WASHINGTON — The top Marine leader “won’t apologize” for the years of underinvestment in the Marine Corps’ barracks even though he has made improving those living facilities a top priority now that he is in charge.

“When we geared up for the wars in Iraq and Afghanistan, we focused on weapons systems, training and technology,” Commandant Gen. Eric Smith said Thursday at the Modern Day Marine conference in Washington. “And that focus kept a lot of Marines alive in Helmand province, kept a lot of Marines alive in Iraq, in the Sunni Triangle.”

“So, again, I can’t apologize for previous generations of Marines to prioritize training and equipping over quality of life,” he continued. “But now the tide has to turn, and we have to get back to quality of life.”

Smith’s comments came the day after the Corps’ budget chief also attributed barracks issues to investments in weapons systems over quality of life.

“We didn’t have the data to say, ‘How are we tracking the facilities’ condition in detail to defend more than $200 million a year for that?’” Lt. Gen. James Adams, the deputy Marine commandant for programs and resources, said Wednesday at the conference. “But we did have the data to say, ‘We need this Force Design weapons system or this modernized vehicle or this modernized weapon platform.’”

Adams said in response to a Marine Corps Times question about who was at fault for the previous underinvestment in the barracks that he didn’t see it as a fault.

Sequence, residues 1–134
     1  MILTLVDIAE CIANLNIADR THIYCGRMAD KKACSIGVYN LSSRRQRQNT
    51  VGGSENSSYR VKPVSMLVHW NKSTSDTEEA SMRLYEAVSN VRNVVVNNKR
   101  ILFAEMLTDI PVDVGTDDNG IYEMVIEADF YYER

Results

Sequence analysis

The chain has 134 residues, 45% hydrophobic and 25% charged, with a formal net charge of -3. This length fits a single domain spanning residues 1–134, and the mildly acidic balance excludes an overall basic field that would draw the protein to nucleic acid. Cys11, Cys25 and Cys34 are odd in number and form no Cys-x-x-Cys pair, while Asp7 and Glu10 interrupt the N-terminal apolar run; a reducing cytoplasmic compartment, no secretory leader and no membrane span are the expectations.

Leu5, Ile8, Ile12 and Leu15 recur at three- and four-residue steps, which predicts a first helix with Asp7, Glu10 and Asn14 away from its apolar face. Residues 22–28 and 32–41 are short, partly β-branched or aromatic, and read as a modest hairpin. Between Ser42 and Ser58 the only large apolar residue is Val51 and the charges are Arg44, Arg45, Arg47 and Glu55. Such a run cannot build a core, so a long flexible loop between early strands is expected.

A Government Accountability Office report published in September 2023 found widespread problems — including mold, dysfunctional plumbing, and poor heating and cooling — in barracks across the military services, including the Marine Corps.

A recent Corps-wide inspection found approximately half of barracks rooms were only “partially mission-capable,” meaning they were deficient in at least one aspect of living standards, Maj. Gen. David Maxwell, commander of Marine Corps Installations Command, said Wednesday at the Modern Day Marine conference.

Smith has served as the commandant since September 2023, although he became the acting commandant in July 2023 following the retirement of Commandant Gen. David Berger. For the two years before that, he was the assistant commandant, serving as the Corps’ No. 2 leader.

Quality of life, especially barracks improvements, has been central to Smith’s stated agenda during his time as commandant. Under the leadership of Smith and Assistant Commandant Gen. Christopher Mahoney, who served as acting commandant during Smith’s monthslong recovery from a cardiac arrest, the Corps has rolled out a barracks overhaul initiative.

That Barracks 2030 initiative entails consolidating Marines in the best barracks, professionalizing barracks management and speeding up maintenance. It also means making barracks restoration a priority in the service’s budget.

The Marine Corps has asked in its official fiscal year 2025 budget request for $274 million for barracks restoration, a $65 million increase from previous year. It signaled in its unfunded priorities list it would like an additional $230 million for that purpose if there were room in the budget.

Irene Loewenson is a staff reporter for Marine Corps Times. She joined Military Times as an editorial fellow in August 2022. She is a graduate of Williams College, where she was the editor-in-chief of the student newspaper.

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